Tabletop Highlight: First Reactions to Fifth Edition

Over the weekend, I took my first deep dive into D&D Fifth Edition. I’ve made characters and even briefly played it before, but this was the first time I actually explored characters rather than rushing through the process. Carefully considered each class and, after looking at what I had to work with, settled on playing a Sorcerer. The first D&D character I ever played and the most fun D&D character I ever played were both sorcerers, so the class is near and dear to my heart.

My initial impression was that the system is complex, strange, and makes very little sense. Over time, though, that shifted. The more time I spent with it, the easier the system seemed. So many of the 3.5 rules I know by heart and so many of the choices I’d made in a 3.5 campaign just aren’t options. Feats are entirely optional, ability scores cannot be increased over 20 via natural level progression, and everything in the system feels a lot more balanced. My past remarks about the 5th edition being more like addition than 3.5’s multiplication still stands, but that means that all of the classes still wind up in more or less the same neighborhood.

The biggest revelation I had while exploring the system more fully was the way it lends itself toward role-playing. 3.5 can be entirely numbers with no role-playing unless the players and DM are specifically making room for it. 5th edition doesn’t necessitate role-playing, but it does make it a much more regimented part of the character creation process. There’s room on the standard character sheet for flavor text about who your character is, the backgrounds provide a basis for less experienced players, and even the class features help you figure out who your character is based on what specializations you pick.

The hardest thing for me to learn is the new rules around combat and actions. I’m used to poison results being specific to the poison used and much more complicated skills that play off of each other and are full of conditional modifiers. The simplified “advantage, neutral, or disadvantage” system takes all of the conditional stuff and wraps it up in one neat little package. I can see combat and skill encounters are going to be much easier for new players to handle since the math isn’t as potentially complicated. I’m going to miss my ridiculous bonuses and OP bullshit that I can pull when I’m feeling petulant in 3.5, but I can see myself running a lot of 5th edition games because it’ll be so much simpler. Instead of spending time looking up rules players are asking about, I can focus on storytelling, good encounters, and keeping the game moving along. I’m really looking forward to how the pacing changes between the two systems.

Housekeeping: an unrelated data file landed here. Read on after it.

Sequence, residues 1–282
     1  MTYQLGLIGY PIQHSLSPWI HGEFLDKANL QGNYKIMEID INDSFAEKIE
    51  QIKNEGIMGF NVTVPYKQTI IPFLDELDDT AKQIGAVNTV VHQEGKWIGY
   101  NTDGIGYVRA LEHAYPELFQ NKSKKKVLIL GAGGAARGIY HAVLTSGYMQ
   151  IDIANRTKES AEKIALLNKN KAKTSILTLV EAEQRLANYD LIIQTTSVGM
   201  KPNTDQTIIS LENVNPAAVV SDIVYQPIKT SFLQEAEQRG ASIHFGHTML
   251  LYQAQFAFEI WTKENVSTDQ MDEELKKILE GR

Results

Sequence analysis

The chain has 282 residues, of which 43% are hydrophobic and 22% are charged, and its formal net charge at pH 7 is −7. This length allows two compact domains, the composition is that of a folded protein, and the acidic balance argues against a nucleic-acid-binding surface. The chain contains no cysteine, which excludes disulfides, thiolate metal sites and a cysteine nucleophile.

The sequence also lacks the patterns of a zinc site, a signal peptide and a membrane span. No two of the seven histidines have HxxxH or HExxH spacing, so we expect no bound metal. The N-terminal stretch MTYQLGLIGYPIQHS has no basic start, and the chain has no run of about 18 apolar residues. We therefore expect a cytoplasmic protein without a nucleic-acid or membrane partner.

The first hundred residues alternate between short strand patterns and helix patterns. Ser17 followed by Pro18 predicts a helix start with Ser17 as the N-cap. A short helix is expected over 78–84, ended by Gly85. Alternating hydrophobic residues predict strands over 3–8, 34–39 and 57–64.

That being said, I think I’m going to stick to 3.5 for my big story campaigns. 5th edition is still relatively new and I can’t find as many resources for it as I can find for 3.5, so it would be a lot harder to make up some of the stuff I have for 3.5.  5th edition’s power scales are too linear to be able to just fudge a few numbers and make it work, even at mid to high levels.

This past weekend, I stuck to mostly first level things for my sorcerer (and a rogue as a backup character for when my aggressive, “think’s he’s a tank,” sorcerer gets smeared on a dungeon floor). Next weekend, if I’ve got the time, I’m going to look into future levels, magic items, and how all the rules have changed so I can start planning out a campaign to run in 5th edition. I’ve got a lot of friends who want to play now and 5th edition seems like it would lend itself well to online play, so I might actually be able to help my friends who don’t have anyone to play with in their areas, finally. That’d be great. I like running big games full of organized chaos and laughter. Even if I can’t see everyone’s face, I think this would be a lot of fun to do.